Nixon & Elvis ****
While truth is often stranger (and funnier) than fiction, and there’s some fiction built into Nixon & Elvis, it remains true that Elvis Presley met with President Richard Nixon in 1970. They met in the oval office, where an iconic photo was taken. Elvis made a request that he be made an undercover ‘Federal Agent at Large,” and his wish was granted. That is fact. The bulk of the story is corroborated by Elvis’ real-life friend, Jerry Schilling, played by Alex Pettyfer. As for Nixon, if there were any doubts about Kevin Spacey’s remarkable, chameleon-like qualities as an actor with comic chops, this will put them to rest. Not only did he capture Nixon’s cantankerous facial characteristics, he got the voice, the mannerisms and the ego-maniacal eccentricities for which Nixon was known. Michael Shannon, as Elvis, is not a visual dead ringer, but his nuanced and vulnerable performance, slow, Elvis-like speech patterns, and replica costuming, helped sell him as The King. Schilling had consulted on the script for years before the project was green-lit, and he eventually became the film’s executive producer. If you’ve ever seen the iconic photo of Elvis and Nixon shaking hands, and wondered about it, here’s your opportunity to find out just what was going on that day, and have a good laugh while you’re at it.
The Huntsman: Winter’s War ***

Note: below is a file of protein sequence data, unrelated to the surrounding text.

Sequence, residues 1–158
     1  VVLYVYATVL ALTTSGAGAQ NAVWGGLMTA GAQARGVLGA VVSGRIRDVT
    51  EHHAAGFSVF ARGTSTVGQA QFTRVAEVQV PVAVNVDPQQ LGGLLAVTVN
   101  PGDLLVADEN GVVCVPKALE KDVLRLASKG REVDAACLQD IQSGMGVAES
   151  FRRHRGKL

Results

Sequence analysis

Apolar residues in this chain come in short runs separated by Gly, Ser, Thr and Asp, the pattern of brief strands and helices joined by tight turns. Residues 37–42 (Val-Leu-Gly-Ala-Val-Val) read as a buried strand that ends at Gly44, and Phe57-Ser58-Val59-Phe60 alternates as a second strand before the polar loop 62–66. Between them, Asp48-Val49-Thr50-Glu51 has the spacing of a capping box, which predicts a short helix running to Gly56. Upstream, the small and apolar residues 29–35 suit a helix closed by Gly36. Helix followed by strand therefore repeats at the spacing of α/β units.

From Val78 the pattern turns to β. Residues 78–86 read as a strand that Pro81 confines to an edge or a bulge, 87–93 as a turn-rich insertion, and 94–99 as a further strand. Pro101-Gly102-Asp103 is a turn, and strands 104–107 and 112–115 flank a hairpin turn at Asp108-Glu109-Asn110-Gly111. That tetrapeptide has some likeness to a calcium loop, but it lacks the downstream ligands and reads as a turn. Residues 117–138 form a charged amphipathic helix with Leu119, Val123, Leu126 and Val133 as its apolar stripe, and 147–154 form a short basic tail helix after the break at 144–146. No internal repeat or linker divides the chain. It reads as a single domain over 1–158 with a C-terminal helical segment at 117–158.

An odd cinematic combination of The Lion, The Witch and The Wardrobe, The Fellowship of the Ring, Frozen, and the Harry Potter franchise, the Huntsman has some good moments, and a terrific cast, but it never consistently delivers the same magic, adventure, and heart as the aforementioned films. Frozen for grown-ups, this kind of odd sequel/prequel combines the European fairy tales Snow White, along with The Snow Queen. Anyone who’s seen Frozen will recognize the characters immediately, though these sisters, played by Charlize Theron (Ravenna) and Emily Blunt (Freya) are both far more ferocious, vindictive and dangerous than any character from the Disney hit of 2013. Rated PG-13, it seems like the film flirted with an R-rating for the level of violence. Filmed in wonderful locations throughout England, The Huntsman is visually satisfying as a fantasy/adventure, but that’s no longer enough to keep movie-goers enthralled. The pacing seemed slow and laborious, though the film is saved by the solid performances from the lead women, and the Huntsman himself, Chris Hemsworth. While fans of the genre will probably enjoy this $119 mill epic, one might pose the question, “Mirror, mirror on the wall, was this sequel necessary at all?”
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